There’s so much to take away from this game. I was overwhelmed by that second half. Let’s break it down into a some key points so my brain doesn’t overheat, as it’s wont to do when I think critically.
Tale of Two Halves
So what switched from the first half to the second? Was it just a swift kick from Jurgen to the team’s collective booties? I imagine there was some of that in the locker room, but there was a bit more.
In a tangible sense? Jurgen changed the formation from his favored 4-2-3-1 to a straight 4-4-2. The latter is a more purely offensive formation, The midfield is a little less rock like, stretched thinner. I think the goal was to stretch Bosnia vertically and horizontally. But more than anything, it allowed Michael Bradley freedom to influence play from box to box.
Our bald number 4 and the resurgent Jozy Altidore were the only players worth anything in the first half. Eddie Johnson was constantly too slow (ignoring that suicidal loss of possession leading to the first goal). Young Diskerud was working hard but found himself overrun. Jones lost the plot as the midfield was slipped away. But every time Jozy touched the ball, it looked like we may snatch a goal. And while Bradley was stunted offensively, his solid defensive work kept the game in reach as the first half wore on.
So the second half gave Bradley and Altidore the opportunity to attack directly. Altidore’s deep runs and indomitable strength matched up perfectly with Bradley’s massive passing range. And so the US scored early, quickly, and above all, easily.
And it got better. Jozy scored the kind of mind numbing, world class goal that even Messi would be proud of. Then Castillo earned a free kick (basically by staggering into his opponents), buried phenomenally by Altidore. So 3-1. Then Bradley played a little beauty to Altidore, who completed his hat trick. 4 second half goals, a wonderful comeback built with sublime goals.
We’re good, people. We are good.
Back to that formation change. The 4-2-3-1 that is so popular nowadays is conducive to a build-up style, a strong midfield aimed at possession. The idea is free flowing movement across the front four, with a pass master to keep the engine running and an enforcer next to him to smash apart counterattacks and give the midfield a spine.
It wasn’t really working in the first half. The midfield was overrun and there was no real buildup. So Jurgen changed to a formation with more offensive potency, both wider and longer. Push Johnson, who’s already prone to get forward on the wing from his role as full back, into the midfield and send Bedoya to the opposite side. Put Bradley as the focal point and Jones as a sort of stopper. Altidore no longer needs to make himself constantly available to hold up. He can move spread the defense, make runs and shoulder some of the nitty gritty striker work onto Johnson. Let ‘em work.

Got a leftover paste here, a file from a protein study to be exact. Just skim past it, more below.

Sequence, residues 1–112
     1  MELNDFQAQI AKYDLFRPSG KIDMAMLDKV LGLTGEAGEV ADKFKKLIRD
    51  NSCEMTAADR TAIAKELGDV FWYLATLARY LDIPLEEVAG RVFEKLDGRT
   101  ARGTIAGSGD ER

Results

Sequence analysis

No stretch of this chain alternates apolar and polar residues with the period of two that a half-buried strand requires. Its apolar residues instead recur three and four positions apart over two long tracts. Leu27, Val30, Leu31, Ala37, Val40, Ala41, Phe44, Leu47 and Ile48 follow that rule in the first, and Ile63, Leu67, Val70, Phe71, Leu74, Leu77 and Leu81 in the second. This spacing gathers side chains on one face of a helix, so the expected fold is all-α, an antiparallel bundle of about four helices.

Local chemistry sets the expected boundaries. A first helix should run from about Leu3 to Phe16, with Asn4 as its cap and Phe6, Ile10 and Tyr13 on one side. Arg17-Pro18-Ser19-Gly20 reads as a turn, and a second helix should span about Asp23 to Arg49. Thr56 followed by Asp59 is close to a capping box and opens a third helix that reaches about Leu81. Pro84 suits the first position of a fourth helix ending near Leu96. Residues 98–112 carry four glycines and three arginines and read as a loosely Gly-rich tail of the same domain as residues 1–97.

And succceeeeessss. Altidore benefited from the freedom now given to him, and Bradley gave him the ammo to put Bosnia down.
Tip of the hat, Jurgen.
That Johannsson Fella
Yeah, remember the name. I wrote a quick profile of the young striker Monday, look for it in the coming days.
What It Means
There was a lovely ESPN article earlier recently, about the inherent negativity of so many USMNT fans. Even today, immediately after our 12 straight win, the negativity persisted. “It was a friendly.” “The first half was so poor it’s worrying.” “Bosnia isn’t that good.”
Wrong, you fools. Some fun facts: Bosnia is top of their WCQ group, with 23 goals in just 6 games, the most in the world. Dzeko (who scored twice today) has 8 goals in qualifying, the top goalscorer in the world in WCQ. Bosnia are dominant at home, undefeated in 3 years. They’ve also won 9 straight, just shy of the US’s 11 going into this game.
So yes, Bosnia are good.
The first half was poor, sure. The defense was ramshackle at best (Brooks making his debut, Evans playing alongside 3 defenders he’d never been with, Johnson back in for the first time since June, etc). Mix was given more responsibility than usual. Johnson showed his streaky self.
But the response was even greater, more meaningful and telling, the most telling thing to take from this game. The problems were addressed, clear directions given, and a phenomenal response returned. This can’t be overstated. The first half couldn’t have been worse, and Bosnia were comfortable. There was no better response than that, and it wasn’t spontaneous.
And the goals flowed. The type of goals the US want to score, against the type of team the US will need to beat next summer.
So yes, the first half was bad but the second was so good it more than makes up for it (clearly).
So stop being negative. We’re very good right now. We’re not going to win the World Cup, and nobody is saying that. But we’re not a “World Cup or bust” nation. We’re more than mid major but less than a blue blood, playing excellent football. And we’re also just three wins away from tying the all-time record for wins in a row, held by a certain Iberian contingent.
Enjoy it. It’s good to be a fan. Nobody is delusional about our place in the world, but that doesn’t mean we have to poo-poo on our success or act as if anything short of a 15-0 win against Pele’s Brazil in the World Cup final is a failure.